Protocol #: 17-0464

Location: Childrens Hospital Colorado

A pharmacogenetic human laboratory investigation of brexpiprazole in Alcohol Use Disorder

Few medications are currently Food & Drug Administration (FDA)-approved for the treatment of Alcohol Use Disorder (AUD), and those that are have, on average, modest effects on drinking. Precision medicine research has explored whether patient-level variables, such as genetic variation, may identify subgroups of individuals with larger medication effects, but few findings have been replicated. A promising novel medication for AUD is brexpiprazole (BREX), a serotonin/dopamine activity modulator (SDAM). This study will evaluate the effects of two doses of BREX, relative to placebo, among non-treatment-seeking individuals with AUD, and will test whether DAT1 genotype influences these effects. Functional magnetic resonance imaging (fMRI) will be used to explore whether BREX effects on brain activation associated with cognitive control or elicited by alcohol cues accounts for its effects on drinking. If the study hypotheses are supported, BREX may represent a novel pharmacogenetic treatment for AUD.

The overarching hypothesis of this proposal is that brexpiprazole (BREX) (2 or 4 mg/day), relative to placebo, will reduce alcohol consumption and modulate the neural substrates of moderate-severe Alcohol Use Disorder (AUD), and that genotype at a variable number tandem repeat polymorphism (VNTR) in the DAT1/SLC6A3 gene will predict BREX effects. Participants will be non-treatment-seeking Alcohol Use Disorder individuals, and will be prospectively randomized to medication on the basis of their DAT1 VNTR genotype. Since BREX affects both cortical and striatal neurophysiology, we will use functional magnetic resonance imaging (fMRI) to test its effects on cortical (right inferior frontal gyrus; rIFG) activation associated with response inhibition and on striatal activation elicited by alcohol cues, and will explore whether either of these measures mediates BREX effects on drinking in the natural environment vs. a bar-lab setting, which may reflect different aspects of lost control over drinking.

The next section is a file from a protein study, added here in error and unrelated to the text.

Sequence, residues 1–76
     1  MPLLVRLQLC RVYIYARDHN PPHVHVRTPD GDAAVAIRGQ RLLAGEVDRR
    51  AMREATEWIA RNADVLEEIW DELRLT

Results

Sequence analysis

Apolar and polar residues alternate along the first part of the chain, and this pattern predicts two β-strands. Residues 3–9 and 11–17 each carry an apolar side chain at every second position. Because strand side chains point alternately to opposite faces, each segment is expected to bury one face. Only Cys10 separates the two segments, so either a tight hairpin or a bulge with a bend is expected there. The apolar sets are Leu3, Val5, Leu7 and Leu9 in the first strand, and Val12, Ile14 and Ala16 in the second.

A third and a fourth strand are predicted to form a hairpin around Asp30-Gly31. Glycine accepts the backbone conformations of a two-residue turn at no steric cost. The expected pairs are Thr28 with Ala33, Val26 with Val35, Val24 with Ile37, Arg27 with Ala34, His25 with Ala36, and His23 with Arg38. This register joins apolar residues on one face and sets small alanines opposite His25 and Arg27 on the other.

Protocol #: 19-1658

Locations: Department Specific Free Standing Clinic; University of Colorado Hospital

My Transgender Brain Study (MyT "Mighty" Brain) - Colorado

Protocol #: 18-1740

Locations: Anschutz Health and Wellness; UCD Anschutz Health & Wellness Center; University of Colorado Hospital

Effects of low-dose levetiracetam on clinical symptoms, cognition and hippocampal hyperactivity in patients with schizophrenia

Protocol #: 13-1495

Locations: Anschutz Health and Wellness; UCD Anschutz Health & Wellness Center; University of Colorado Hospital